In such a highly concentrated media market as Australia, the partisanship of big news brands has become the norm.
AP Photo/Michael Probst
While this prominent and well funded project has gone into voluntary administration, those enthused about rapid decarbonisation and Australia’s renewable energy export potential need not despair.
Australia’s richest man recently took on the world’s richest man over the shape of our green future. But it’s not either batteries or green hydrogen – we need both.
Australia’s business sector has recognised the profits to be made in the hydrogen transition. Acting quickly, and powering the shift with renewable energy, is key.
The Cashless Debit Card trial disproportionately targets Indigenous people, despite what the government says.
That the Cashless Debit Card continues to be pursued exposes a dogged obsession with implementing punitive policy at the expense of vulnerable people.
The Minderoo Foundation’s video was a heavy-handed illustration of problems in some WA communities.
The trial of the cashless welfare card, to control unhealthy spending in Indigenous communities, is being expanded partly due to emotive well-funded campaigns. Meanwhile, evidence is being ignored.
Businessman Andrew Forrest and his wife Nicola are strong advocates of anti-slavery measures.
Any proposed solution to the problem of modern slavery must engage with the business community and government policies on migration and migrant labour.
The Forrests have bold ambitions for their philanthropy – perhaps inviting some cynics to be dismissive of their aims.
The record donation by Twiggy Forrest highlights the rise of more strategic philanthropy, which tries to tackle the root causes of complex problems through collaboration, research and advocacy.
Almost half of the participants in the Cashless Welfare Card trial said it had made their lives worse.
It’s a mystery why another trial of the Cashless Debit Card is necessary – particularly given how it has led to further economic and social harm among its participants.
What do Ceduna and the other trial sites for the Healthy Welfare Card have in common? All are country towns with a mix of Indigenous and non-Indigenous residents.
Income management was first applied to Indigenous communities before being implemented more widely. The Healthy Welfare Card policy appears to be on this same path.
Do the unelected super-rich exercise a strong influence on public policy?
Do the unelected super-rich exercise an over-weening influence on public policy. The answer is yes, and no.
Treasurer Joe Hockey has announced that the government will not pursue an inquiry into iron ore prices.
The government has given into the pressure from the big miners and formally abandoned the idea of a parliamentary inquiry into the iron ore sector.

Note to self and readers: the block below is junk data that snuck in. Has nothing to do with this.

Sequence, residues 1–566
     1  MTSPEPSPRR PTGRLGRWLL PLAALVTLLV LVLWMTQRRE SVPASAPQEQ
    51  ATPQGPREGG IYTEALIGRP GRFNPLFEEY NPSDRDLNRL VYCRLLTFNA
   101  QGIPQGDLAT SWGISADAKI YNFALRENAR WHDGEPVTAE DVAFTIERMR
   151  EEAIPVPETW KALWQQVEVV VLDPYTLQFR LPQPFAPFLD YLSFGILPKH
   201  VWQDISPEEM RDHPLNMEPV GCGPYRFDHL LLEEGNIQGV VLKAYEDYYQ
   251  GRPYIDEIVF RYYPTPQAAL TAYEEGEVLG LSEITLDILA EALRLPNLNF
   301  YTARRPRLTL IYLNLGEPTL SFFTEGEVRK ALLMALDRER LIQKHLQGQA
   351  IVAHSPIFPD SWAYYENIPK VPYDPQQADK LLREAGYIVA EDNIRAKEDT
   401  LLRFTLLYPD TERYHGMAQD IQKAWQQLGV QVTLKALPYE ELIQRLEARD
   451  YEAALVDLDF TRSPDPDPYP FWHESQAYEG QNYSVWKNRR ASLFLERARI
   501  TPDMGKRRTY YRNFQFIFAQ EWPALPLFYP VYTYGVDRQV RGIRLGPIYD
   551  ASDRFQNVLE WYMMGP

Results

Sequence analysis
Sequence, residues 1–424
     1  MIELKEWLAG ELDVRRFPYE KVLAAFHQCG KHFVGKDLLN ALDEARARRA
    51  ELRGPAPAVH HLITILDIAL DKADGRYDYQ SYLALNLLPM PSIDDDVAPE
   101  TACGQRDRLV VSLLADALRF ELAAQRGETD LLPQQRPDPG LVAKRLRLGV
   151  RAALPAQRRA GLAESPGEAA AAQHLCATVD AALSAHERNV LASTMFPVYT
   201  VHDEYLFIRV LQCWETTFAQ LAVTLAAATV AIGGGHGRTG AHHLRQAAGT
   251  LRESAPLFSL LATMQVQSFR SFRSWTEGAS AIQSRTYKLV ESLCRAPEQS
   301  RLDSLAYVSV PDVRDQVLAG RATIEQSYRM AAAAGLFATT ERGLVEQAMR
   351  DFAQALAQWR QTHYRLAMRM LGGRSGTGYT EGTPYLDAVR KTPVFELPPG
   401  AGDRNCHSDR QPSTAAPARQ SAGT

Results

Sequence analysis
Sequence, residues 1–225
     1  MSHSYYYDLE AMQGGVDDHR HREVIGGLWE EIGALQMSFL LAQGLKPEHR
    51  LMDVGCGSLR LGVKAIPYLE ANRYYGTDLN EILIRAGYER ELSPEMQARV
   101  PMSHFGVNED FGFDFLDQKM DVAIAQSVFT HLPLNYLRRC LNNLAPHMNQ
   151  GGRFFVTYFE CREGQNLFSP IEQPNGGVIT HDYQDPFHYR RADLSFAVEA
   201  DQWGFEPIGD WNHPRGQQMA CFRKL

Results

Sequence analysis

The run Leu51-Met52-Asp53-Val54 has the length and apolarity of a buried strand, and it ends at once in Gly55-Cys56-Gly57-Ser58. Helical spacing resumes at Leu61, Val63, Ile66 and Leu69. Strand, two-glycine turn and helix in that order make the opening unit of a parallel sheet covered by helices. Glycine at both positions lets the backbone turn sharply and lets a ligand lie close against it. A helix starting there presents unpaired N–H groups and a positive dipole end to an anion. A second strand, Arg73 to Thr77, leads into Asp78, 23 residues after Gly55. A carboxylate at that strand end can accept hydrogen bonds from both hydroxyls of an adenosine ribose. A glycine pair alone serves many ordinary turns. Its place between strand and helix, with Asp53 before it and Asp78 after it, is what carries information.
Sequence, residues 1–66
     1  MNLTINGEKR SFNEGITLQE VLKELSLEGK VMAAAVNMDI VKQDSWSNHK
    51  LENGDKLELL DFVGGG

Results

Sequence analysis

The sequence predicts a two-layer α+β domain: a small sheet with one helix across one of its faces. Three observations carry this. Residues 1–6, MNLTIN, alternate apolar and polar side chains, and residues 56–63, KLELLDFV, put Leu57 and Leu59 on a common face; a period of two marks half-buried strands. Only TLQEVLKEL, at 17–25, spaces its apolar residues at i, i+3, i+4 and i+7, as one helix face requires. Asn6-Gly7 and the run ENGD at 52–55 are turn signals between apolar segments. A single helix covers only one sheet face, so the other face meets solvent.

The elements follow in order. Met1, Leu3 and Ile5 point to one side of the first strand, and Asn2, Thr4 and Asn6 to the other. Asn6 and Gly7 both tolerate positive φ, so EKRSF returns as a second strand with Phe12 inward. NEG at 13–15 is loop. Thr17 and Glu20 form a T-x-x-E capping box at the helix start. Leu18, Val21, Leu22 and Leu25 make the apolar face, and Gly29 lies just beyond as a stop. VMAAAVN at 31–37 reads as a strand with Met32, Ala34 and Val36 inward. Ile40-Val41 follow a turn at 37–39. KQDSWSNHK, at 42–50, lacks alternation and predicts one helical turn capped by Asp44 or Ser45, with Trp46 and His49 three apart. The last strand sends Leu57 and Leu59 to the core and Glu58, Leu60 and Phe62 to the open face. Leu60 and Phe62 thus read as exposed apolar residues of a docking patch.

Prime Minister Tony Abbott is in a nasty squeeze, with Andrew Forrest, founder of Fortescue Metals Group, and some of the other smaller miners on one side, and the big producers, BHP Billiton and Rio Tinto, on the other.
Tony Abbott has got into a terrible tangle over whether there should be an inquiry into iron ore prices.
Prime Minister Tony Abbott says an inquiry into iron ore competition “could make sense”.
While it’s easy for the large miners to argue increased iron ore production is business as usual, the overall cost to the sector warrants a closer inspection.
Since the NT Intervention a large body of evidence has built up showing that income management does not achieve its stated goals. So why does it continue?
Various studies, culminating in the final evaluation report of income management in the Northern Territory, have found such programs don’t achieve the claimed benefits. Why did the budget extend them?
Fortescue Metals Group founder Andrew Forrest has suggested iron ore miners cap production, but it might have been unnecessary had he supported a well-designed mining tax.
Had the mining industry engaged differently on the proposed mining super profits tax, it would be in a better position today.
In the seven years since the Northern Territory Intervention, a large body of evidence has been built up showing few if any benefits from compulsory - as distinct from voluntary - income management.
The mess of federal budget negotiations has taken over the limited space for social policy debates. However, we are due to get final reports on a range of inquiries. These include the McClure report on…
Tony Abbott keeps appointing businessmen like Andrew Forrest, who have limited expertise in analysing evidence and developing social policy, to advise the government.
The Creating Parity report on Indigenous employment and welfare, released last week by mining magnate Andrew Forrest, is in much the same vein as Tony Shepherd’s recent Commission of Audit. Forrest and…
Children who were rescued from working as bonded labour stage a protest against slavery in New Delhi, India.
In the late 18th century, a small band of British Quakers and other humanitarian-minded folk began to build the case against the slave trade. Britain’s supremacy in maritime power and technology meant…
Will philanthropy in Australia change because of the recent donation by Andrew “Twiggy” Forrest to Wes Australian universities.
Seed image from www.shutterstock.com
This week’s A$65 million pledge by Nicola and Andrew Forrest to all five West Australian universities alters the philanthropy landscape in Australia. The Forrests’ donation comes less than a year after…